And we’ll all go together

To view Wild Mountain Thyme

And fill the room with laughter

Will ye go, buddy, go?

Fantasy is a surprisingly large element of Wild Mountain Thyme, a romance with bookend narration that suggests the will-they-won’t-they dynamic between two lifelong neighbors might be a tale spun by Christopher Walken’s grumpy Irish farmer. Watching its many irregularities stack up made me nostalgic for better times: one when we could all meet in a theater, watch the absurdity play out on screen, and have a good laugh about it after. The fantasy was so overwhelming that I tweaked the titular song to match, and one day, hopefully, I can sing it at someone and they can safely say yes.

As we’ve watched cinemas take blow after blow this year many have searched for their savior, but in our hand wringing, I think we’ve disregarded one of the sturdiest bastions of the theater experience: congregating to watch a movie that’s so bad it’s good. Perhaps, just maybe, the closest we’ll get to a cinema savior in 2020 is inexplicably bad, must be seen and shared and rejoiced over Wild Mountain Thyme.

Now, I could spend this entire review breaking down the many things this movie does wrong, and in a way, I will, but I’m going to twist those failures into an argument for why Wild Mountain Thyme should become a cult classic. I think it deserves it. I really do. It’s that bad.


If there’s one thing that’s key to a movie being so bad it’s good, it’s earnestness. It has to believe it’s got a purpose, that it’s worthwhile, and it has to be committed to its supposedly shattering mission wholeheartedly. Wild Mountain Thyme genuinely believes the simmering relationship between oddball Anthony (Jamie Dornan) and the patient Rosemary (Emily Blunt) is a grand romance, and it isn’t shy about it.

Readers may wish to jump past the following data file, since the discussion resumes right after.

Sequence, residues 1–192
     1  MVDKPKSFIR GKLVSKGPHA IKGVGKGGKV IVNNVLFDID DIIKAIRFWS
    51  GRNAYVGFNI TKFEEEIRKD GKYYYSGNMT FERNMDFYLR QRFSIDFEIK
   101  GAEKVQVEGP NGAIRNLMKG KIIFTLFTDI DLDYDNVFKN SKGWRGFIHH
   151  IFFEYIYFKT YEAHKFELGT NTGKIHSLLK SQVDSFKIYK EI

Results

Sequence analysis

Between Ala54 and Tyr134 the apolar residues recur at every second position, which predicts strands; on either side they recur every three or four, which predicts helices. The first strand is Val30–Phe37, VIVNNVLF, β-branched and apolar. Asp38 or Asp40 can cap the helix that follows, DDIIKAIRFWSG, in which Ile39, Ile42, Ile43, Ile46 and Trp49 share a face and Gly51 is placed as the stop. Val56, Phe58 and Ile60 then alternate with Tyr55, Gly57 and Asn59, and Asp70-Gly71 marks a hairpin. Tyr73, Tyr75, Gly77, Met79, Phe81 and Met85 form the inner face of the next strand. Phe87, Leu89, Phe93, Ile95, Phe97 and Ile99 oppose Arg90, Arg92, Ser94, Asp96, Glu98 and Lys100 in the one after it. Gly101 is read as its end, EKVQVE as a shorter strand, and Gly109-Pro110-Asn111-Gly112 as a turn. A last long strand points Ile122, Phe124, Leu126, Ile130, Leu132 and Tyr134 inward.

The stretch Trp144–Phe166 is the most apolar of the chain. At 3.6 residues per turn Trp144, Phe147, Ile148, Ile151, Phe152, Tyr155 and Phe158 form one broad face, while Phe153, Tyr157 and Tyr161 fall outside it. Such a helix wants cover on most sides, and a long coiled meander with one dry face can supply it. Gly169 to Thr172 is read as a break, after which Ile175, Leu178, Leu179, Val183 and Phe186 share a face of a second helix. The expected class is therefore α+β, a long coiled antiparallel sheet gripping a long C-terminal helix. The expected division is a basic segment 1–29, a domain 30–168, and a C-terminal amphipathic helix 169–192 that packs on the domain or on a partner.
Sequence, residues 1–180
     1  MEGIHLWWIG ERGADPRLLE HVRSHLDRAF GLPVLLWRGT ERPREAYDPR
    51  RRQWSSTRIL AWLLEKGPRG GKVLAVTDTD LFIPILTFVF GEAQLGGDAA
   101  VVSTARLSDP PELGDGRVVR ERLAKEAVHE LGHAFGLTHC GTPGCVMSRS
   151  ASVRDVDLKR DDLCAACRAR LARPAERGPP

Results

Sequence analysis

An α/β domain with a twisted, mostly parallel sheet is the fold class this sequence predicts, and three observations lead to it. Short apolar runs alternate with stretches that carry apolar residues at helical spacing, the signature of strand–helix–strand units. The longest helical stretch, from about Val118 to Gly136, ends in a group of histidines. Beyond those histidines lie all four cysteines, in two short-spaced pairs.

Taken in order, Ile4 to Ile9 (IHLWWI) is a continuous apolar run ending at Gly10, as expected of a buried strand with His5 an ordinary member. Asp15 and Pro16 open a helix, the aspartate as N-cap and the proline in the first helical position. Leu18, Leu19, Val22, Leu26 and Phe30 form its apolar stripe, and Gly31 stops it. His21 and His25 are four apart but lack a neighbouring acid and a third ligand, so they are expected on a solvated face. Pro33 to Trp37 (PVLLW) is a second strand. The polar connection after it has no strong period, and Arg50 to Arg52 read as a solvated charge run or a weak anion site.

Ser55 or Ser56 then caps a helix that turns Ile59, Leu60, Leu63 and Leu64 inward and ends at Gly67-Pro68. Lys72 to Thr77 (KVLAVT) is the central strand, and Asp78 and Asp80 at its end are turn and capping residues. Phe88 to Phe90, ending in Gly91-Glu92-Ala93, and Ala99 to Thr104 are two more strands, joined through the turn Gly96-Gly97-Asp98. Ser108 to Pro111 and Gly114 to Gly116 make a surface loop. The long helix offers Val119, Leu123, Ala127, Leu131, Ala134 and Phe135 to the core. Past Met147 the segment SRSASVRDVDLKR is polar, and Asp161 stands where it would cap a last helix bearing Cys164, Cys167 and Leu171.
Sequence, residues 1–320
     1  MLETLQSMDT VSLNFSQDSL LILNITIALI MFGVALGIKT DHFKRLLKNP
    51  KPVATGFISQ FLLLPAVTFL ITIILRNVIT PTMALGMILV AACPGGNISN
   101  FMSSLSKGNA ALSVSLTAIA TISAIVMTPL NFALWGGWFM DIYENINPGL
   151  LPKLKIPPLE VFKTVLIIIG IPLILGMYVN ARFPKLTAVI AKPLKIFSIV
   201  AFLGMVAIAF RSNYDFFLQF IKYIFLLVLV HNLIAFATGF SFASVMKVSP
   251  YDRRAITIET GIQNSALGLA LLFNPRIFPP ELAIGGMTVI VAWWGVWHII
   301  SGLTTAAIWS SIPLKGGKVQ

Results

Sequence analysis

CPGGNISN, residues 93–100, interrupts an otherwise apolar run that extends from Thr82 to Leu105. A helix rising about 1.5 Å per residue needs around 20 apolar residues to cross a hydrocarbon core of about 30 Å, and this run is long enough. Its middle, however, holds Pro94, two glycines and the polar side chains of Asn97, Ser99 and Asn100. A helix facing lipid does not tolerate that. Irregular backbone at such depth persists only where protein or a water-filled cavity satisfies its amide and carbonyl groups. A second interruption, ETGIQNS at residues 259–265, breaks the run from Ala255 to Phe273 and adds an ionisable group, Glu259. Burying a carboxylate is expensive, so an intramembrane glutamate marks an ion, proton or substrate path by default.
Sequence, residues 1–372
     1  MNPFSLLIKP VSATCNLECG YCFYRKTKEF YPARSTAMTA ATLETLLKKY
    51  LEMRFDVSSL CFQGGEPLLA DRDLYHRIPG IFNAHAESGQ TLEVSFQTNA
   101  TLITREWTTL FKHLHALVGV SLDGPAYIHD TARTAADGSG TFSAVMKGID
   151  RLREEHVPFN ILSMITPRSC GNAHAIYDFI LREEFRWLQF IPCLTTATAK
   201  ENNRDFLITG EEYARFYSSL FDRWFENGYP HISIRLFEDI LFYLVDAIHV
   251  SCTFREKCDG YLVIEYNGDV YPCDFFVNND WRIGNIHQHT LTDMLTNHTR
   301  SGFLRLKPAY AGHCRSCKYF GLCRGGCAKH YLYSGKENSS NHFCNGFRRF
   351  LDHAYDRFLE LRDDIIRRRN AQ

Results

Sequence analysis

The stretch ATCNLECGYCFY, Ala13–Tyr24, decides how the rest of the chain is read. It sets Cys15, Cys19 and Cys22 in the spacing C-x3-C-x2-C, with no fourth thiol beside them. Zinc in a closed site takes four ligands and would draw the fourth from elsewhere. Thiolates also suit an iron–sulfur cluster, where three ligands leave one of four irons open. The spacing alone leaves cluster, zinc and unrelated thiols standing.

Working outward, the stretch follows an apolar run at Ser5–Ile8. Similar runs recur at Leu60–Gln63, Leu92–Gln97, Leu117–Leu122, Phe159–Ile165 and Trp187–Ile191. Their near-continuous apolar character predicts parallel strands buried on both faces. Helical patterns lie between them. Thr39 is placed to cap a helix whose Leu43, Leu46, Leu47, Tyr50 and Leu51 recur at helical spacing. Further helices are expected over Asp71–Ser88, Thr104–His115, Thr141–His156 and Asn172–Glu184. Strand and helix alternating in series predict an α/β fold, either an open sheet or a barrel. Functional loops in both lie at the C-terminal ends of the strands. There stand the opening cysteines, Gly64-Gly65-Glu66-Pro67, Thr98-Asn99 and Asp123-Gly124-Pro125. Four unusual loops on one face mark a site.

source: Bleecker Street Media

There’s the usual epic locales (in this case, a recurring hillside with a striking tree) and kissing in the rain, but it’s the references that let you know how great writer/director John Patrick Shanley thinks this adaptation of his own Broadway play was going to be. No joke, he drops the music from Swan Lake under his title sequence and at one point does a twist on the balcony scene from Romeo and Juliet. Those are far from the only times these legendary romances are referenced, and calling these masterpieces to mind so often, that takes swagger.

Swagger, when backed up by actual greatness, does lead to some of the most riveting, rewarding rides in cinema. But when it’s backed up by a cast with no chemistry and a plot that makes no sense, that’s when it imbues the movie with a magical dichotomy, creating such a gaping chasm between what it is and what it imagines itself to be that it practically invites you to fill it with laughter.


The “so bad it’s good” movie has to be, of course, bad, but there’s a specific kind of bad that people really relish. It can’t be boring bad, where you don’t care about the characters or where they’re going. It also can’t be mean bad, where the events are so appalling that you want to turn it off. If there’s a word for the type of bad that really sparks joy in people, I think it’s unreality, that sense that you can almost relate to what’s happening but not quite.